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Going From Earthquakes to Elections on TV

The State Duma election television campaign kicked off Nov. 5 by intruding on the usual morning programming.

In nonelection times, the programming follows a standard pattern. Every 30 minutes, a five-minute news block airs. Since President Dmitry Medvedev and Prime Minister Vladimir Putin are the main sources of good news, morning viewers can expect a full chronicle of all the world’s bad news from the previous night: fatal car, airplane and train crashes, contract killings, floods, earthquakes, fires, clashes between protesters and police and other horrors to help them start their day.

Following the news, smiling talk-show hosts provide a wealth of useful information, such as how to overcome an attacker, robber or rapist simply by pushing two fingers against his windpipe, how to open a car lock frozen by inclement weather, how to lose weight without really trying and so on.

And finally, a hefty block of commercials plunges viewers into a paradise of consumer bliss.

But now, politics have invaded this television paradise. For example, this is how morning advertisements by political parties looks on Channel One:

  • A happy milkmaid reports that jobs have finally appeared in her village and that farmers now have money. She urges everyone to vote for United Russia.
  • A villain symbolizing price hikes on utilities snatches away pension increases from the hands of retirees. A Just Russia promises to protect the interests of pensioners.
  • Depressing statistics of an acute demographic crisis are shown, along with an equally depressing picture of a country full of empty, abandoned towns and villages. Right Cause claims it will halt this degradation if the party wins in the coming elections.
  • A respectable middle-aged woman who successfully manages a small business tells viewers that if United Russia wins the election, prosperity will increase even more.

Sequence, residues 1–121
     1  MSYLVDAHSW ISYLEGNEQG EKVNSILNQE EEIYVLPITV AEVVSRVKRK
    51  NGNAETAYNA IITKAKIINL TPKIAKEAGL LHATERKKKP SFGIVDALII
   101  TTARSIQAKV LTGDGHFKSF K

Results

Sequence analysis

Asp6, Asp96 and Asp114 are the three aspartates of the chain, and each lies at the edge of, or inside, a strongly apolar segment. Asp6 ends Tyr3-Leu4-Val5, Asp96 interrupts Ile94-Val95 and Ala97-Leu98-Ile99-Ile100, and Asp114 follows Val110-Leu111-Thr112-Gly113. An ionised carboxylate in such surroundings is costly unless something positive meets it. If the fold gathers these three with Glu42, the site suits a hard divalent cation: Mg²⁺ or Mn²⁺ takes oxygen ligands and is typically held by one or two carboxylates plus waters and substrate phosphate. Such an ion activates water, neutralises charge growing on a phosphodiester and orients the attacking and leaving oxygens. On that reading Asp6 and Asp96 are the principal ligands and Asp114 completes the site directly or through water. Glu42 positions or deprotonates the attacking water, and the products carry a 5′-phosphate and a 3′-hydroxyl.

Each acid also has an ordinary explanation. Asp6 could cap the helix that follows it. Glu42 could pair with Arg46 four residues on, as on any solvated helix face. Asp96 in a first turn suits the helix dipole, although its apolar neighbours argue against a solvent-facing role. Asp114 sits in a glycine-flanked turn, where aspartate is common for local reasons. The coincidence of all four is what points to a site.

• Yabloko party leader Grigory Yavlinsky promises Russians heaven on earth by offering every family the chance to build their own home on land allocated at no cost, with gas lines connected for free. This is all possible, we are told, by the honest allocation of revenues accumulated over the past decade from high oil prices.
  • With a deft move of the pool cue, Right Cause leader Andrei Bogdanov scatters a pack of billiard balls representing the ruling and opposition political parties.
  • Somber Communist Party leader Gennady Zyuganov contemptuously reads a list of names: Yegor Gaidar, Anatoly Chubais, German Gref, Alexei Kudrin, Mikhail Kasyanov — all of whom are liberal politicians and reformers living and dead, incumbents and those who have either been dismissed from their posts or joined the ranks of the opposition — and promises to completely replace the ruling elite.

Of course, viewers love it when someone lambastes the authorities. But will this advertising tirade affect the outcome of the elections?

I don’t think so. Most of the politically active electorate is old enough to compare the advantages of stability under Putin — even if it increasingly resembles the stagnation under Soviet leader Leonid Brezhnev — with the horrors of Soviet leader Mikhail Gorbachev’s perestroika and President Boris Yeltsin’s liberal reforms. They will vote according to the principle that even the worst leaders today are better than the liberal opposition’s promises of change and a better future.

Let the critics try to prove that these voters are wrong.

Alexei Pankin is the editor of WAN-IFRA-GIPP Magazine for publishing business professionals.

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